The path of heavy metal is a solitary one. Most people do not like the idea of it, hate the sound of it, and look down on those who like it. It is not simplistic and mindlessly obsessive like rock, nor fancy and high-falutin’ like jazz. It seems deliberately antisocial, disruptive, violent and dark.20 Comments
Great Death Metal, through its boundless courage, developed an uncanny ability to plunge listeners into a subterranean labyrinth, revealing the philosophical impetus that stimulated the development of the genre itself. Black metal is slightly inverted, wherein the meandering melodic and thematic developments reveal an adventurous spirit and a desire to plunge into and discover the majesty of the infinite. Indeed, although each genre is somewhat complimentary there is a stark philosophical difference that characterizes each, where Death Metal revels amongst the catacombs and forces listeners to re-evaluate life in the face of their impending doom, Black Metal having stared long enough into the abyss and having emerged from the catacombs seeks glory amongst the stars, and in so doing provides listeners with a glimpse into what once was, and must be again.
Minas Morgul is a testament to this very spirit. Individually meandering, soaring and delicate melodic phrases weave around one another, periodically converging and thus creating a breathtakingly lucid and organically familiar polyphonic structure. What the listener will find most striking is the way each melodic motif develops according to its own internal logic while simultaneously complimenting and augmenting the presentation and development of concurrent melodic lines, which themselves develop according to their own internal logic. Here the infinite abounds as listeners bear witness to the expert use of polyphony, with each rung in the ethereal melodic hierarchy subtly altering the emotional experience of the listener through its capacity for slight differentiation.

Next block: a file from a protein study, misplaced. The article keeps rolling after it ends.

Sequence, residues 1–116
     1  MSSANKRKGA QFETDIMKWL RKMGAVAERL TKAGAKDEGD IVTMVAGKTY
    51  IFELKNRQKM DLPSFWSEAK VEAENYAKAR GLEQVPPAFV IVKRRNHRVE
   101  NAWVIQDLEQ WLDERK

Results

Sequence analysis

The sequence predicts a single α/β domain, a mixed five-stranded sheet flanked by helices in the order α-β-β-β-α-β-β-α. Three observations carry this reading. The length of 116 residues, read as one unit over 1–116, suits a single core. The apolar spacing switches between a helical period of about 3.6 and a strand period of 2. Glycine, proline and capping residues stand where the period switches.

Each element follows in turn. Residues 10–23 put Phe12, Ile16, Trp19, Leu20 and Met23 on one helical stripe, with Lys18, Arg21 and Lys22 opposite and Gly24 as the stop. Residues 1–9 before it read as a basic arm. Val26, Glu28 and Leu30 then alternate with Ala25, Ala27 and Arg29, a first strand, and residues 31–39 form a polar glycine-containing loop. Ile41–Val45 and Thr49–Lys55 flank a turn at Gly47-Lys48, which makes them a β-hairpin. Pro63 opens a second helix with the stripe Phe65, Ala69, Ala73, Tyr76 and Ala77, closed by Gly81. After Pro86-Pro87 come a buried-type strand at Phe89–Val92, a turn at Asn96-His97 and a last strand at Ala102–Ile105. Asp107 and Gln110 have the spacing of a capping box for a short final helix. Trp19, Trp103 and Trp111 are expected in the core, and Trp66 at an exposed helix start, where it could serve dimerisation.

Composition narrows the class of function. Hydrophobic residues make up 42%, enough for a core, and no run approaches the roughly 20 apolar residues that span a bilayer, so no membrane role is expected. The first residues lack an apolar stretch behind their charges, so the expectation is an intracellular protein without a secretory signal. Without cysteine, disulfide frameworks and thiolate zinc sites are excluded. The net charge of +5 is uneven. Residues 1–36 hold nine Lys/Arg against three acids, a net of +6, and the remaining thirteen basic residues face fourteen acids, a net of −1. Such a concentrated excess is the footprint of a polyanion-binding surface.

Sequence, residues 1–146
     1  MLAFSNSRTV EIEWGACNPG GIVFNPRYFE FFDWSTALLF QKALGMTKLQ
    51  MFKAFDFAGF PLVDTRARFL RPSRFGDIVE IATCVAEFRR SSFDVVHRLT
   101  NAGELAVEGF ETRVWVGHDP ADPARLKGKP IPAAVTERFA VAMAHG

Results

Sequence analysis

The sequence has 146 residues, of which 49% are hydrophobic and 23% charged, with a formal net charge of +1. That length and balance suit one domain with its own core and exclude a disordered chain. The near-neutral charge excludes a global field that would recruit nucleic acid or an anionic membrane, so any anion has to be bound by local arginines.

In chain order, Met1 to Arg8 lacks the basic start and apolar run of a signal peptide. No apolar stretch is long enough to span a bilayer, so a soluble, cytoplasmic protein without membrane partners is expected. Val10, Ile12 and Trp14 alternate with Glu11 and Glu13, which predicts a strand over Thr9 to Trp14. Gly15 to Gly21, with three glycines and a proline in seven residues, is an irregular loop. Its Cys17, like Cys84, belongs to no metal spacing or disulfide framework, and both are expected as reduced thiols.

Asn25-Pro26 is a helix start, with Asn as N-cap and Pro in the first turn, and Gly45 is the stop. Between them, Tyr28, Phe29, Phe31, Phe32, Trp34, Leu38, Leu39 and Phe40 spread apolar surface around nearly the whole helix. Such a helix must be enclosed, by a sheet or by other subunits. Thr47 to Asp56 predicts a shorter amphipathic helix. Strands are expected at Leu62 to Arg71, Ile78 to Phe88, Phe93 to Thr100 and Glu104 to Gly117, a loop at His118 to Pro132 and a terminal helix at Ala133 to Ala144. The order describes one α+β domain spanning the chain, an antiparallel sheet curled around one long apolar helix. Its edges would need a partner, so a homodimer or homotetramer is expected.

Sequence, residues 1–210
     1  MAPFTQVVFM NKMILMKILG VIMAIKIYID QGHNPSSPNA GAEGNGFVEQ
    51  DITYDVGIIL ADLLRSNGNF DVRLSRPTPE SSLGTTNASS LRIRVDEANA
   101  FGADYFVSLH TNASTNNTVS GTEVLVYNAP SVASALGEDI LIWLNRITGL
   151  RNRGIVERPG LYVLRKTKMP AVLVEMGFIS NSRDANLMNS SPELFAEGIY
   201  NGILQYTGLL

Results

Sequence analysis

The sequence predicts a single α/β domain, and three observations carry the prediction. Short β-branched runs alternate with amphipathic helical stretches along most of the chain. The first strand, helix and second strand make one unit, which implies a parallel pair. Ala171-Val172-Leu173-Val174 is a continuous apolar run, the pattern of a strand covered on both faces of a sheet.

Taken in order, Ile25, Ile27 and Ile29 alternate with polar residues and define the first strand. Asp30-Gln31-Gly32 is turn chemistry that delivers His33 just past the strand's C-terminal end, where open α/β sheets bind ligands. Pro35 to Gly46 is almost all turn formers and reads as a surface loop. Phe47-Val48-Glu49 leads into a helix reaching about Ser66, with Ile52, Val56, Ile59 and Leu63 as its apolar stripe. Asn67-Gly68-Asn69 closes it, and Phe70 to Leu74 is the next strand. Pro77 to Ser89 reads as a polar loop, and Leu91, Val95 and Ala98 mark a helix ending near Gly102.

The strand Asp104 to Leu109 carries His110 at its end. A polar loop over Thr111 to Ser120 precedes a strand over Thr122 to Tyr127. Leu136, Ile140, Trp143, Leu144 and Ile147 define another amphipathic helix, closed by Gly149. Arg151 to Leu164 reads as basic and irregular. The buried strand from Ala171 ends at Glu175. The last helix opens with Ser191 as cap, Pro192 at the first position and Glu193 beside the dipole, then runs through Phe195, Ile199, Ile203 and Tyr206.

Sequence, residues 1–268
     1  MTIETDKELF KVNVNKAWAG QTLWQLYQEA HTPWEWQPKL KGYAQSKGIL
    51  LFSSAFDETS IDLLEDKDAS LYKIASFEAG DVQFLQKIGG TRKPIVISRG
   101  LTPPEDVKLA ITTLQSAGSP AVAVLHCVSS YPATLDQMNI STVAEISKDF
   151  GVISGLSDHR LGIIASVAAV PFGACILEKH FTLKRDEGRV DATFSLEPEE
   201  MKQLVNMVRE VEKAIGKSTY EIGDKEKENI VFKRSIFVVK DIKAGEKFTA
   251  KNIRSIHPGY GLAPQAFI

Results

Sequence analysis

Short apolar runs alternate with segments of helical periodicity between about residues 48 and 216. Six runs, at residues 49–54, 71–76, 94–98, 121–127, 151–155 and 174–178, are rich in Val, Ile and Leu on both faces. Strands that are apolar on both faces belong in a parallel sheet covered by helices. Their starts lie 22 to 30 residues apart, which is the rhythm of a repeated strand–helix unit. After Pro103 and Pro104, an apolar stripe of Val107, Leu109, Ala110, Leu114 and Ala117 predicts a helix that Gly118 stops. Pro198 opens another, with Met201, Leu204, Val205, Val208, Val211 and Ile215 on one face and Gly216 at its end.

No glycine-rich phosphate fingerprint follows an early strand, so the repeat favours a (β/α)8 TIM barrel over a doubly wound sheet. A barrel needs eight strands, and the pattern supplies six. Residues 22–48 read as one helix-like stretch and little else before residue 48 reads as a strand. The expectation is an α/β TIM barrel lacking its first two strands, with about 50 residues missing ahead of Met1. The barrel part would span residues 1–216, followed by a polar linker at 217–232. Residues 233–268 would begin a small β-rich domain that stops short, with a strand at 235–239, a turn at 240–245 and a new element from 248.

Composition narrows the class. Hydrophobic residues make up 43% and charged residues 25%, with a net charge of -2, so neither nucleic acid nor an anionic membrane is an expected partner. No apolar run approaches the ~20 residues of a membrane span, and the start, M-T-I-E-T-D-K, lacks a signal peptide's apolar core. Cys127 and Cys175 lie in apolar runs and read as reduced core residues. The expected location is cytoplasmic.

The individual melodic motifs themselves are more robust and less restrained than the cryptic sense of melody that characterized say early Darkthrone. However therein lay this albums strength, as each melody is highly communicative and capitalizes on its inherently archaic, although timeless content to appeal those psychological archetypes that define the modern Hessian, to wit, regality, a desire for adventure, wanderlust and a sense for the transcendent.
Guitars are a secondary instrument on this album, however they are utilized with such tact and melodic viciousness, if I may say so, as to ensure that the sometimes airy and sentimental melodies remain grounded, bonded to an orthodox sense of attack and ferality that has always made great metal threatening, challenging, confrontational, and insightful.
Indeed, what makes this album truly compelling is that it successfully melds together a romantic longing for those eternal values that once gave life meaning, with a feral and commanding spirit that wishes to take hold of life and explore it’s depths, and its mountainous heights! One is less likely to find an album more suitable to one’s journey of self exploration and self transcendence.